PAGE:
Lock your doors. Watch your small children. Don’t forget the basics, the small things. Some might call this common sense. As the old saying goes, “Common sense isn’t all that common.” The human difficulty isn’t knowing it, but doing it without exception. It should become part of the routine of life.

A mechanic was struggling with a rusted bolt by a gas tank. He knew the dangers of using a torch near the tank. He went ahead anyway, when spraying the bolt liberally with Liquid Wrench didn’t loosen the bolt. He was fortunate; everything turned out fine.

If you find yourself saying something like: “Well, I know I shouldn’t be doing this, but it will probably be OK,” it’s time to slow down and look at other options. Reconsider what you’re doing. Is your frustration in removing a 50-cent bolt so bad you’re willing to die in a massive fireball to get it out?

Accidents happen because people just want to get things done. They’re frustrated some little thing is taking so much time. They want to cut corners. We’ve all been there.

In a news story, a guy met a stranger from Craigslist to purchase a cell phone. The guy worked two jobs and was studying computer programming. He volunteered at a local nursing home. He sounded like a great fellow. The person selling the phone was actually a criminal (four time serial felon) who lured his victims with Craigslist.

The guy wisely met the stranger in a public place, but when he asked to see the phone, the “seller” said he had left it at home and that his home wasn’t far away. Could the guy give him a ride to his house where they could see the phone?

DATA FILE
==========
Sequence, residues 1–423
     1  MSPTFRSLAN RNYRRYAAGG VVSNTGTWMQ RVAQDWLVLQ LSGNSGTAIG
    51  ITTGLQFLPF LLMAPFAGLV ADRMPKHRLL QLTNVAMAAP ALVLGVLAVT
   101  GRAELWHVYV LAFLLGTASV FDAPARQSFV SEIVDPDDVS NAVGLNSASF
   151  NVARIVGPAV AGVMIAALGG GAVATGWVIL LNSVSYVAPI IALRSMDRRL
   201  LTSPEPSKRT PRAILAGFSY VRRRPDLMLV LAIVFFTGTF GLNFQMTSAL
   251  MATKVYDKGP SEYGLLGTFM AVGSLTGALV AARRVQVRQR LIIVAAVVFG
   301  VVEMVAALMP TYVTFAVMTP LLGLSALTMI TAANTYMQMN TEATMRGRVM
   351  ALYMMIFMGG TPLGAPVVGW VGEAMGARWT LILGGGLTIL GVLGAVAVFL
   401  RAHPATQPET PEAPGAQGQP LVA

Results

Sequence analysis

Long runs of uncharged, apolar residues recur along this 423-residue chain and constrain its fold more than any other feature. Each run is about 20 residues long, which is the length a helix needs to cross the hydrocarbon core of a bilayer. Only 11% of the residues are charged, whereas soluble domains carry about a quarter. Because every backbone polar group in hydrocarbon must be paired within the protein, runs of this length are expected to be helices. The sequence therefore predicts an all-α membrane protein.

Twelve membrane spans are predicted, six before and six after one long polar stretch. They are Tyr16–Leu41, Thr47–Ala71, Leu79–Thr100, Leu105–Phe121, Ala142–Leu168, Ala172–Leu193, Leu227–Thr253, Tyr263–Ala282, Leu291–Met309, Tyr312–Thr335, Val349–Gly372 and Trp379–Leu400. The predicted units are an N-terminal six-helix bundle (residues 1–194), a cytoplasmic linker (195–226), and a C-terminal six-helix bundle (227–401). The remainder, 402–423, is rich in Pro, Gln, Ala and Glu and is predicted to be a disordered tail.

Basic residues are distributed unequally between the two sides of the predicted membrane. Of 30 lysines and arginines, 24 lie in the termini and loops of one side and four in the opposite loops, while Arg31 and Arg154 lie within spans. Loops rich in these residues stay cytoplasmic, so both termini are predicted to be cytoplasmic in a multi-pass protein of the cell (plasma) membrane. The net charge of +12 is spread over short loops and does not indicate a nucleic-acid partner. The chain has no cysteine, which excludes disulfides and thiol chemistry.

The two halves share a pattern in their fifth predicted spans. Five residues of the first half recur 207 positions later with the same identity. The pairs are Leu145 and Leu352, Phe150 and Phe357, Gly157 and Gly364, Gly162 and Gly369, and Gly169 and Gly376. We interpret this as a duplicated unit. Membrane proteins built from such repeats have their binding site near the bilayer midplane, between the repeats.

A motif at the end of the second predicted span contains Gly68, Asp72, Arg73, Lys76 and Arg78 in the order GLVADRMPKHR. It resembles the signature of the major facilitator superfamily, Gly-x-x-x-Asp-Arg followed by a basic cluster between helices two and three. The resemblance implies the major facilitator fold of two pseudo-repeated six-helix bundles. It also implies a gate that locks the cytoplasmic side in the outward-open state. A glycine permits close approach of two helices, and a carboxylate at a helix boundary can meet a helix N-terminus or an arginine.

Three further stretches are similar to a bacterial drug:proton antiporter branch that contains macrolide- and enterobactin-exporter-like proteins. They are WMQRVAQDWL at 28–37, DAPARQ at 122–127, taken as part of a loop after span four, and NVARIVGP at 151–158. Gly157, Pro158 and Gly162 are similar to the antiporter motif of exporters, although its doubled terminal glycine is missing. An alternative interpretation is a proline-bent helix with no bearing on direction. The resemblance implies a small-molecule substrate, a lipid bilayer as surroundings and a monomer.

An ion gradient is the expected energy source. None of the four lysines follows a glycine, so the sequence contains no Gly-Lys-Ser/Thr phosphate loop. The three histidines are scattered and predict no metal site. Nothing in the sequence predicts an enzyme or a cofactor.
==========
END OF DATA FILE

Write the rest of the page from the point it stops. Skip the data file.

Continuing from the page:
Moment of truth. What do you do? The guy said he didn’t conduct business at people’s homes, but the guy’s girlfriend urged him to just get the deal done. They all jumped in the car. In most scenarios, the guy probably would have purchased a cell phone or decided not to. In this case, he got shot in the head.

When we meet strangers on Craigslist, how can we keep from getting shot in the head by a serial felon? There’s an app for that. Or at least there will be someday. Computer programmers and security experts are working to use facial recognition software so that a person can snap a picture of a stranger with their cell phone. The app will match the photo to the vast collection of photos on the Internet to learn more about the person. Cell photo to instant background check will be consumer reality in the next few years.

Police suggest meeting Craigslist strangers at a public place, or even at the parking lot or lobby of the police station. Some preppers would call this man’s decision to transport the stranger in his car a violation of opsec or operational security. It was OK to meet a stranger in a public place, but he shouldn’t have driven with him.

In an upcoming post, I’ll write about privacy and facial recognition and my thoughts about opsec.

Here’s a video about dryer fires (Don’t allow lint to build up; don’t surround your clothing dryer with flammable materials; and don’t run your dryer when you’re leaving the house):
NBC TODAY Show: Dryer Fire Prevention (2008)

Here’s some more information on topics related to electrical fires:
FEMA on electrical fire prevention

From Fluke, an article about counterfeit electrical products. We’ve all seen stories about counterfeit jeans and designer handbags from China, but counterfeit electrical products can pose a threat to safety. If you do your own electrical work, purchase your supplies from reputable suppliers.

Mike Holmes: Faulty wire can be dire

Here’s a blog I stumbled on (, about urban farming and beekeeping.

I don’t know what’s going to happen to food prices next year as a result of the 2012 drought. One article  says grocery prices for a family of four is expected to rise by about $600 in 2013.

An editorial said the current drought is the largest natural disaster (by area) in America, encompassing half the country.

When I think “disaster,” I imagine people dying or being perilously close. So, is the current drought a real disaster or just some dry weather? How would you classify it? What comprises a “real disaster”?